Targeted delivery of CRISPR interference system against Fabp4 to white adipocyte ameliorates obesity, inflammation, hepatic steatosis, and insulin resistance

Gene therapy reduces obesity and reverses type 2 diabetes in mice

photo of two mice, one obese, one normal size
Gene therapy in white fat cells of obese mice showed decreases in body weight and reversal of diabetic symptoms. Image credit: Jee Young Chung

The obesity epidemic affects nearly half a billion people worldwide, many of them children. Obesity-related diseases including heart disease, stroke, type 2 diabetes, and cancer are a leading cause of preventable death. Obesity is caused by both genetic and environmental factors, confounding the development of effective anti-obesity drugs, which exhibit severe off-target effects. In a study published today in Genome Research, researchers developed a gene therapy that specifically reduces fat tissue and reverses obesity-related metabolic disease in obese mice.

To overcome the side effects of current anti-obesity drugs, researchers Jee Young Chung and colleagues developed a specific gene silencing therapy against a fatty acid metabolism gene, Fabp4. Researchers used a CRISPR interference system wherein catalytically dead Cas9 protein and single-guide RNA was targeted to white adipocytes with a tissue-specific fusion peptide. The complex is internalized with little toxicity to the cells and, upon internalization, decreased the expression of Fabp4 and reduced lipid storage in adipocytes. Demonstrating that this delivery method performed well in cells, Chung and colleagues tested their therapy on obese mice. Mice were fed a diet high in fat leading to obesity and insulin resistance. Fabp4 repression resulted in a 20% reduction of body weight and improved insulin resistance and inflammation after just six weeks of treatment. Additional systemic improvements were observed, including a reduction in fatty lipid deposition in the liver and reduced circulating triglycerides.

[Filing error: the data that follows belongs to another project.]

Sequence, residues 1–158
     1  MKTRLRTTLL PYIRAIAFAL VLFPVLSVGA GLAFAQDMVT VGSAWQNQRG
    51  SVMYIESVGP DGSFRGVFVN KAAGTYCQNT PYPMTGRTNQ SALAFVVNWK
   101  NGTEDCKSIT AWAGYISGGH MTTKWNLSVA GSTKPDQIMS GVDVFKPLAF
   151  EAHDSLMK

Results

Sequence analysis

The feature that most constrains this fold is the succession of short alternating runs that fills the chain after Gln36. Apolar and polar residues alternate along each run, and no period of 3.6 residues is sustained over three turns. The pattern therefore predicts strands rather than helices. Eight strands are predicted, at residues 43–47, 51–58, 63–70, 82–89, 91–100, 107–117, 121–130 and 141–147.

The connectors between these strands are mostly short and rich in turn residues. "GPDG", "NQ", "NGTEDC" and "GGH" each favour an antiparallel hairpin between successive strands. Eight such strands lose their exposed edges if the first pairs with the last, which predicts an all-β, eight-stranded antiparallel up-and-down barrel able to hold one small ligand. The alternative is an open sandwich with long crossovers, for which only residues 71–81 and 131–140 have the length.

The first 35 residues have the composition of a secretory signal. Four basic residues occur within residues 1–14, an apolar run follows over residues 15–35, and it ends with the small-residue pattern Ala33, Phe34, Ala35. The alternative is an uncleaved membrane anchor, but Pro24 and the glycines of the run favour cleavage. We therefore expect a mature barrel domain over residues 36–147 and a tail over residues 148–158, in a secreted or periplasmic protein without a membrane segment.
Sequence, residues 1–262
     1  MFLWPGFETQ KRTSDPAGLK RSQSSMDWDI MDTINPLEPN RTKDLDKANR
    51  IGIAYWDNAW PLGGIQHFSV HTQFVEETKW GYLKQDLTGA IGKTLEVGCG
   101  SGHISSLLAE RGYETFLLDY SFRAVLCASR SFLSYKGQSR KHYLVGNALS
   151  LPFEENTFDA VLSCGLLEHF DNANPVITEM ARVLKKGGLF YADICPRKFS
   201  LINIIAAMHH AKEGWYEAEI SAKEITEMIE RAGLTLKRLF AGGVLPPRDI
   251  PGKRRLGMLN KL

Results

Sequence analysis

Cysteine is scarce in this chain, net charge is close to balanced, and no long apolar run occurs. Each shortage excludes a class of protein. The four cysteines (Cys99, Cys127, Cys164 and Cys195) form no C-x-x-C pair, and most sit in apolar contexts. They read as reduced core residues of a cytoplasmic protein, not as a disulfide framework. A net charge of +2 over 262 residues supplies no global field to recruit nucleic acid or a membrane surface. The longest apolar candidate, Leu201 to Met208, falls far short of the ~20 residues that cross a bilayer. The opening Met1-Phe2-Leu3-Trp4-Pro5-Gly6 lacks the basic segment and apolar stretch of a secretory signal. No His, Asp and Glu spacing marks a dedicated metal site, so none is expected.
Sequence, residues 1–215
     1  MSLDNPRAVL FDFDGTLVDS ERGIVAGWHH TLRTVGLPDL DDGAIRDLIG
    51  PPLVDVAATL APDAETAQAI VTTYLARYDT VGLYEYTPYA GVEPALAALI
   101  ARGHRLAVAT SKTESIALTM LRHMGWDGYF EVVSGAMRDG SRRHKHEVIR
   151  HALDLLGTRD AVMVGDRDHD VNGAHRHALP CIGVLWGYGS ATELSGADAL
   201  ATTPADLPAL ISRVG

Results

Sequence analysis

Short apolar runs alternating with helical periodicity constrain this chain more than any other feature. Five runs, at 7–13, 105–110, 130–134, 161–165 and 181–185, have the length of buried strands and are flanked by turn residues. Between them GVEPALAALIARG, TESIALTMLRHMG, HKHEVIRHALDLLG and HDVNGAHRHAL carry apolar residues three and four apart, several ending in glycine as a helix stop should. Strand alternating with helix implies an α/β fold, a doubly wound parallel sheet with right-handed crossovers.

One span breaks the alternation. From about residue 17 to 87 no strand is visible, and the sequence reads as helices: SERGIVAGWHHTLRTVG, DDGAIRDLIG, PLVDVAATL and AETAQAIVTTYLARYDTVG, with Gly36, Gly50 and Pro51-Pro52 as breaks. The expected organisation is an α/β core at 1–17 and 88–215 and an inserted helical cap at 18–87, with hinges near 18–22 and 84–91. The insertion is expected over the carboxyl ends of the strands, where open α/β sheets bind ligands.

The current standard FDA-approved treatment showed just 5% of body weight loss after one year of treatment in humans. However, while this therapy displays promising results in mice, further studies are required before it can be used in clinical treatment against human obesity. Importantly, this work highlights the advances in precision gene-editing technology, which can be translated to other types of therapies.

Media/Press Contact(s)

The authors, Chung et al., are available for more information by contacting Hyun Woong Jeon at Hanyang University (hw7@hanyang.ac.kr); +82-2-2220-2033 [office]). Interested reporters may obtain copies of the manuscript via email from Dana Macciola, Administrative Assistant, Genome Research (macciol@cshl.edu); +1-516-422-4012).

About the Article

The manuscript will be published online ahead of print on Aug 29, 2019. The full citation is as follows: Jee Young Chung, Qurrat Ul Ain, Yoonsung Song, Seok-Beom Yong, and Yong-Hee Kim. 2019. Targeted delivery of CRISPR interference system against Fabp4 to white adipocyte ameliorates obesity, inflammation, hepatic steatosis, and insulin resistance Genome Res doi: 10.1101/gr.246900.118

About Genome Research

Launched in 1995, Genome Research is an international, continuously published, peer-reviewed journal that focuses on research that provides novel insights into the genome biology of all organisms, including advances in genomic medicine. Among the topics considered by the journal are genome structure and function, comparative genomics, molecular evolution, genome-scale quantitative and population genetics, proteomics, epigenomics, and systems biology. The journal also features exciting gene discoveries and reports of cutting-edge computational biology and high-throughput methodologies.

About Cold Spring Harbor Laboratory Press

From its beginnings in 1933 as an initiative to publish an annual Symposium on Quantitative Biology, Cold Spring Harbor Laboratory Press is now the largest of the five educational divisions of the Laboratory, with more than 200 books in print, eight journals, and a variety of online initiatives. Its publications assist working scientists, graduate and undergraduate students, and the general public through the mission of the Press to foster and financially support the Laboratory’s commitment to the advance and spread of scientific knowledge.